Predatory Journals, Science Citation Index and Open Access Publications in Diagnostic Pathology
Background: Predatory behavior in open access peer reviewed scientific journals seems to be increasing. It is subject to serious discussions between editors, authors, and publishers. Herein we discuss some characteristics of electronic communication in science, the reasons for potential misuse, and present some entropy calculations.
Theoretical considerations: Publication of research articles uses visual information transfer, and seldom acoustic communication. Advantages of open access electronic journals include prompt and worldwide distribution, free access, and several free re-use rights. Disadvantages might be seen in non congruent business models of authors and publishers, which include impact of financial issues on scientific quality and easy to perform, hard to detect manipulation of published data and their sources.
Present stage: Citation Index (SI) and Journal Impact Factor (JIP) are the principal sources which are thought to guarantee the article’s quality and author’s prestige. Authors try to publish in and publishers try to offer journals with high SI and JIP. Independent review processes should serve to maintain the article’s quality. Reviewers are invited electronically in both conventional paper printed and electronically distributed journals. They are requested to act at their earliest convenience. Reviews are as all fast electronic information distribution exposed to become manipulated, in politics, commerce, and science as well.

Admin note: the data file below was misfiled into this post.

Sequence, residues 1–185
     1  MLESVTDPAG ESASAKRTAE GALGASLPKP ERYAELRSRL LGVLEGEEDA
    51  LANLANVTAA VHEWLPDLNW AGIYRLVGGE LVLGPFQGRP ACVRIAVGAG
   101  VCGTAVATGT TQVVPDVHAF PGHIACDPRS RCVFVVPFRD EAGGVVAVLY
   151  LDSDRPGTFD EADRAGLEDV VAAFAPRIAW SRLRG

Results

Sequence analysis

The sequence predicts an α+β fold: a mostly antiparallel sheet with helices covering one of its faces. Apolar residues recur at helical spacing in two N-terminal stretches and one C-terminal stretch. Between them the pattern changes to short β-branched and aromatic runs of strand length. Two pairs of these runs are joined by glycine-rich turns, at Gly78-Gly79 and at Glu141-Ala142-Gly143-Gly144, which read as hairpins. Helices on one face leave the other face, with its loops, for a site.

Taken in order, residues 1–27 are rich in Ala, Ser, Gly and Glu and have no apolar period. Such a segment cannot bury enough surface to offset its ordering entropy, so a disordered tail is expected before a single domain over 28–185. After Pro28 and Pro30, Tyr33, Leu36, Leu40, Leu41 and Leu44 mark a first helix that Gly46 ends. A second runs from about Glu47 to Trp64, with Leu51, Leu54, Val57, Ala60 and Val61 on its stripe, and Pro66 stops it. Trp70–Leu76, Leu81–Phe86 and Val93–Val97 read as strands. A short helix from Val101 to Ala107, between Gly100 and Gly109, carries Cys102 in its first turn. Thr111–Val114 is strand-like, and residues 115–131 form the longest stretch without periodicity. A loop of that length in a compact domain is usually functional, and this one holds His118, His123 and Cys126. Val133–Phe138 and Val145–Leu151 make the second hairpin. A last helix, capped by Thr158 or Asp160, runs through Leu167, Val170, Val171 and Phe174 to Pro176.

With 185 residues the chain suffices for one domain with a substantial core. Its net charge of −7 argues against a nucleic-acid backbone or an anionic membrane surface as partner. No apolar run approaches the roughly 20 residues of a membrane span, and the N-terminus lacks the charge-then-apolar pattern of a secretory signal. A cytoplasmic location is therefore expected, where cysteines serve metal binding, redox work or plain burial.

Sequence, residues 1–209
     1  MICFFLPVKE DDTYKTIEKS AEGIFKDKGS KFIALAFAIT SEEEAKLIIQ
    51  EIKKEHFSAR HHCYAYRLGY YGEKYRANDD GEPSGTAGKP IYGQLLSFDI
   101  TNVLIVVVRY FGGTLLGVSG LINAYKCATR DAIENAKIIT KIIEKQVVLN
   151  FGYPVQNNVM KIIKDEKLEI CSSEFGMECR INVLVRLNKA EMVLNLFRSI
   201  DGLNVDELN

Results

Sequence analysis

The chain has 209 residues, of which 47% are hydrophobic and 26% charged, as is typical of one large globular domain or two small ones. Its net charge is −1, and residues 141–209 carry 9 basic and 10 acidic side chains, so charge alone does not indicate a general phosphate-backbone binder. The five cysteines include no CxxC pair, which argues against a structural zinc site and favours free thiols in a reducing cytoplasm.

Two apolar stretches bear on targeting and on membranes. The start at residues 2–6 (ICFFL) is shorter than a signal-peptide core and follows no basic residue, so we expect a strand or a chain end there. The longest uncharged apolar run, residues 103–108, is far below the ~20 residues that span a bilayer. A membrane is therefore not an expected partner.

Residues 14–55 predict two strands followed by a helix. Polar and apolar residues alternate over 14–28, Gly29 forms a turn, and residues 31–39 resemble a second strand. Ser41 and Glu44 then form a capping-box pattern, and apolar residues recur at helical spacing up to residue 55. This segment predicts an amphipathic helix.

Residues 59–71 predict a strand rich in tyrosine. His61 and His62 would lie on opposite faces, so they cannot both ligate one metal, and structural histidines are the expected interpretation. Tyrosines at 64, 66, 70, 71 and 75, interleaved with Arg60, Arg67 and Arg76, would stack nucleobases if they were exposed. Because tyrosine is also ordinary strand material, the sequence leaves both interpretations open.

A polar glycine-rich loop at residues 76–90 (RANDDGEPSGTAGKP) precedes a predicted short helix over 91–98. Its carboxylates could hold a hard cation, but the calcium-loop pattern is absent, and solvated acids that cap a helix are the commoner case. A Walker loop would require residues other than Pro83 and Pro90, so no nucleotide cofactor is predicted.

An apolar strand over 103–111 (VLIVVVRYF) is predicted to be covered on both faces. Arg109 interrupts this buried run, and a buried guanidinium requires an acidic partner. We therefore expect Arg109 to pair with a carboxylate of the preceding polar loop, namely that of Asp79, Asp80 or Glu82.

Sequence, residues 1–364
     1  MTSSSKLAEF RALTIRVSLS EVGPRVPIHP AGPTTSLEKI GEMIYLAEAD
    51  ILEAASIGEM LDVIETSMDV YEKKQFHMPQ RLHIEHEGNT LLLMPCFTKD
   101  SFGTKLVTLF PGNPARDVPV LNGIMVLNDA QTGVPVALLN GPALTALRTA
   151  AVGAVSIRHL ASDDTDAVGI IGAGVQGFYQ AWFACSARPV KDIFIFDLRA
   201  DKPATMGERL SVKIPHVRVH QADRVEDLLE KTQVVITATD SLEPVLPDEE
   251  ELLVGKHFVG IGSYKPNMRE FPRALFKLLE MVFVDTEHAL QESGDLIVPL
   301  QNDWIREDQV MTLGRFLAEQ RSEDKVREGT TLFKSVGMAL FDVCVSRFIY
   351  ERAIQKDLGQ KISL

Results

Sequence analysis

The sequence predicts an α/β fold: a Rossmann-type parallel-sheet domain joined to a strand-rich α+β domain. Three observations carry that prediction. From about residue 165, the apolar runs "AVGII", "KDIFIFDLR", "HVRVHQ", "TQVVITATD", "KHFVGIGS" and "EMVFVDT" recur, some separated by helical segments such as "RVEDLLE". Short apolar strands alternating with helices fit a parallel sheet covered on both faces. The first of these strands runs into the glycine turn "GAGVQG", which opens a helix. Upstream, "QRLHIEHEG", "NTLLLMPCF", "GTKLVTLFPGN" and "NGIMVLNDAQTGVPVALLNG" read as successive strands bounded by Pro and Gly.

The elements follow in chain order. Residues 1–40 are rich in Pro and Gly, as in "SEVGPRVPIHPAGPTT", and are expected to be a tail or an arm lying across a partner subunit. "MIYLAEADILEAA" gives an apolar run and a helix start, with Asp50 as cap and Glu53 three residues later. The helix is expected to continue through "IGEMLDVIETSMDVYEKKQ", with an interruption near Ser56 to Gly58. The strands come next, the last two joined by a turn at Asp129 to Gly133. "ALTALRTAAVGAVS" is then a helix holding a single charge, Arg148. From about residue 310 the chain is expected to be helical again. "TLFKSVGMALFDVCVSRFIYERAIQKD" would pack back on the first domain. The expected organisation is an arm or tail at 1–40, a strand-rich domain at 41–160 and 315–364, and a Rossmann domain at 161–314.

Proposal and perspectives:Electronic information exchange uses properties of virtual reality, which include the reversibility of time. They are scalable events and can be measured by an appropriate entropy concept. Authors can be considered information source that should be understood by the readers (receiver). The higher the information content the more precise is the reaction of the receiver. The readers’ reaction can be measured and be used to classify, modify, correct, or even erase the distributed information. The development of appropriate readers’ tools would improve the quality and originality of the article and journal.
Conclusion: A readers’ oriented model would be an appropriate extension of quality assurance for open access journals and articles. Such a model could be based upon the entropy concept and be a reliable measure of research quality and impact on its future development.
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